An interesting development in New Jersey, not supported by science but only by public sentiment from anti-hunting groups. From the NY Times
On Monday, Gov. Philip D. Murphy signed an executive order effectively ending the state’s planned 2018 bear hunt on all state-owned lands. It was an attempt to fulfill a campaign pledge to environmental activists.
But those same activists were not exactly thrilled.
“Stopping the hunt on state lands does not stop the hunt,” said Jeff Tittel, the director of the New Jersey Sierra Club. “It only changes where the bears get killed. The hunt will continue on other public lands, including county parks, water company lands and private lands. We still need Governor Murphy to keep his commitment to ban the bear hunt completely.”
Although Murphy is a Democratic governor, it would be unfair to say this is entirely a partisan issue. Yes, the anti-hunting crowd generally finds their home on the Left, but the Democratic party is also home to plenty of moderate and conservative Democrats who support hunting rights:
The governor’s office argued that the executive order went as far as Mr. Murphy could within his executive authority, absent an agreeable legislature. And Mr. Murphy hasn’t enjoyed an especially agreeable relationship with Stephen M. Sweeney, the Democratic Senate president. Mr. Sweeney is the co-chairman of the New Jersey Angling and Hunting Conservation Caucus and he has kept legislation restricting the hunt from the Senate floor in the past.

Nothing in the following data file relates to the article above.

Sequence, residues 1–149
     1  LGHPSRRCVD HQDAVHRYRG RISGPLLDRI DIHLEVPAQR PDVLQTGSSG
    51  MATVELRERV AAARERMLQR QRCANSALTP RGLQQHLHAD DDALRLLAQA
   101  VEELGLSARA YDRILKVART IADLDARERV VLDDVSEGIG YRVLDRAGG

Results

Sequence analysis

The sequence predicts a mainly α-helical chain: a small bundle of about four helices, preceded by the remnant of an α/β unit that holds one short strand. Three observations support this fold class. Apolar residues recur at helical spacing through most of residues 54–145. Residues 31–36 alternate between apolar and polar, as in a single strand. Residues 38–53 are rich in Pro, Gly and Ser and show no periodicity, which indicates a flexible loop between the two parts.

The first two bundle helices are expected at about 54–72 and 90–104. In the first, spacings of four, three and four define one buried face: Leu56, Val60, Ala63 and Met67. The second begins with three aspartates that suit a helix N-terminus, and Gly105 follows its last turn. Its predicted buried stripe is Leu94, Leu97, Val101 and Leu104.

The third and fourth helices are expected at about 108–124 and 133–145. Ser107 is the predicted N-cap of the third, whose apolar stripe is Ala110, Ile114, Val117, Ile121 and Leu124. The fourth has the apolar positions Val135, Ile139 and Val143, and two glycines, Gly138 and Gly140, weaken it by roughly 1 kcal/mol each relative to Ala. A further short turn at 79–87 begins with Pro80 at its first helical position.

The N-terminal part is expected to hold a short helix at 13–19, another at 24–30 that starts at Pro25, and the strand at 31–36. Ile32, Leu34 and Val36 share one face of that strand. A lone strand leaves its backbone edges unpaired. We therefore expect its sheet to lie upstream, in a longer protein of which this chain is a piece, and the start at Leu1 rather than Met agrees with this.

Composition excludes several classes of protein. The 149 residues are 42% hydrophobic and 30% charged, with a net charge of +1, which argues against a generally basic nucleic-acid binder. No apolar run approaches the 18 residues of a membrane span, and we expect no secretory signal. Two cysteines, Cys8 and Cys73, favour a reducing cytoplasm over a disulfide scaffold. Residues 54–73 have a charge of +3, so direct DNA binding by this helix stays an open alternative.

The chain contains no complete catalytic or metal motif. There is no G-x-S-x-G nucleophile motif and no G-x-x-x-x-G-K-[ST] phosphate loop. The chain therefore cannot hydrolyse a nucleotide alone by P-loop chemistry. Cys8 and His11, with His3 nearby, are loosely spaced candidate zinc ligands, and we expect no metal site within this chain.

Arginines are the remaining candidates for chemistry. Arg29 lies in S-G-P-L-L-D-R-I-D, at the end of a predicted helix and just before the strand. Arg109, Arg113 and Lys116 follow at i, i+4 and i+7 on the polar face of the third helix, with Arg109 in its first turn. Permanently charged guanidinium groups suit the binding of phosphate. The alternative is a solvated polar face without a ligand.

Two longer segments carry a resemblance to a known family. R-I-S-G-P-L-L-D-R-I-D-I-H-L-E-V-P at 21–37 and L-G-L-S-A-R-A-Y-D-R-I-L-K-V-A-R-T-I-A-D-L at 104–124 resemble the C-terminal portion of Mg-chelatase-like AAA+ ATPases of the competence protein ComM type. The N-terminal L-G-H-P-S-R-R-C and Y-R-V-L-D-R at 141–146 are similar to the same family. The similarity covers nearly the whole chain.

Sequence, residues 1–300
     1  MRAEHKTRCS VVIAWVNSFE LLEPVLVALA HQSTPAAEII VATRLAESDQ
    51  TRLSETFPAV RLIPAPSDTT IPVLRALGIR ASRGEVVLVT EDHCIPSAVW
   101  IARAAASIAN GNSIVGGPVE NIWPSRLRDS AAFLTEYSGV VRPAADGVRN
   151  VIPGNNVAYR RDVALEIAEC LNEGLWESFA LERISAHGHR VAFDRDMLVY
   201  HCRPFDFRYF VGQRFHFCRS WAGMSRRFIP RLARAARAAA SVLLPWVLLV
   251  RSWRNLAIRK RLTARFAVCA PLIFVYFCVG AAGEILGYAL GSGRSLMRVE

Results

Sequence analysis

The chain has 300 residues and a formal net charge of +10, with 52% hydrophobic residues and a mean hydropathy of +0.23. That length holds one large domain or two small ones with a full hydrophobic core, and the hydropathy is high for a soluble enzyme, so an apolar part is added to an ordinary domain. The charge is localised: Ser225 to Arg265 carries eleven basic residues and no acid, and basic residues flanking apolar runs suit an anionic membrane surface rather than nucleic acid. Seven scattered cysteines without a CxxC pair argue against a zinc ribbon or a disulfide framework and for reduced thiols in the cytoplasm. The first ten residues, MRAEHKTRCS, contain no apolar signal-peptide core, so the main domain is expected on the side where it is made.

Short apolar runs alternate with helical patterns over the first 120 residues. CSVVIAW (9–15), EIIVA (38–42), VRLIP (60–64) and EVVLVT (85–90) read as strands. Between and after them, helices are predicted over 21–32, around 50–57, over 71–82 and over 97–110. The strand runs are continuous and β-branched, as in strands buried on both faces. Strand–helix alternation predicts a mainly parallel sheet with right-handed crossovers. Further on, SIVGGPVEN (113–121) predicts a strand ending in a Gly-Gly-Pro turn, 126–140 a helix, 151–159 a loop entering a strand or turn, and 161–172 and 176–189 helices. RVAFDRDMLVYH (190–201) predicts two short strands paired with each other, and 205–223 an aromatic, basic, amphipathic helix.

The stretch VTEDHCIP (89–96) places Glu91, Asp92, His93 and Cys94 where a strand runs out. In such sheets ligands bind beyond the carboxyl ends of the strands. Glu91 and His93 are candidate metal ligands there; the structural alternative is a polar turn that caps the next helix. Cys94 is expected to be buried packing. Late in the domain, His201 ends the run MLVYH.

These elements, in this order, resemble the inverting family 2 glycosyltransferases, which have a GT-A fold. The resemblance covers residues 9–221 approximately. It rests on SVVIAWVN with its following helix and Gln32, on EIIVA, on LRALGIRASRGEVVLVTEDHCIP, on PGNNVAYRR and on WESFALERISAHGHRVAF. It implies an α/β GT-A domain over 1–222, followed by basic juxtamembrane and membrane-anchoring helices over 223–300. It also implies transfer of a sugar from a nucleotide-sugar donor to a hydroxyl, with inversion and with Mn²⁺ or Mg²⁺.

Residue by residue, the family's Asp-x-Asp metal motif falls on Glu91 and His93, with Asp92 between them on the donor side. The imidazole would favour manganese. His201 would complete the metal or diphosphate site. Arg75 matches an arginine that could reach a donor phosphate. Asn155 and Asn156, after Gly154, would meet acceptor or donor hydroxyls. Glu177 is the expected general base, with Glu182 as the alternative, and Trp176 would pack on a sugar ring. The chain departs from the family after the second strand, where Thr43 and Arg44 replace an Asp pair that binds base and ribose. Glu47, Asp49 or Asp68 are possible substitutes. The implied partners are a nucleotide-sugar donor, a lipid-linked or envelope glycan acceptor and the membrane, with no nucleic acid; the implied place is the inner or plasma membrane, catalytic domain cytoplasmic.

How best to deal with New Jersey’s bears has been an ongoing issue for several decades:
The debate over how New Jersey’s residents and bears should get along dates back decades. Black bears were regularly hunted in the state until 1970, when fewer than 100 bears remained. The hunts were halted until 2003, when Gov. James E. McGreevey reinstated them amid increased complaints about bears raiding garbage cans and beehives, damaging crops, and killing livestock and pets.
But Mr. McGreevey scuttled the hunt again in 2004, facing criticism and outrage from environmentalists over his decision. A limited bear hunt returned for a year in 2005 after renewed complaints of bears on private property, permitted only in a 1,600 square mile area in the northwestern part of the state. Then Gov. Jon S. Corzine canceled the 2006 hunt by delaying state regulations authorizing the coming bear seasons.
The hunts resumed in 2010 under Gov. Chris Christie and have continued since.
The most damning charge against the decision comes from a recent report which explained the impact of the hunting ban. From NJ.com: “A report released just before Murphy took office said ending the bear hunt could cause New Jersey’s bear population to double by 2022.”
Writing for MeatEater, Steven Rinella says:
“In a move that blatantly caters to anti-hunters and ignores science-based conservation tools, New Jersey’s governor outlawed bear hunting on the state’s public lands. This undermines the ability of wildlife managers to do their job and prevents hunters from enjoying their public lands. Meanwhile, “State officials have estimated around 3,500 bears live in northern New Jersey, and… that New Jersey has the densest bear populations on the continent.”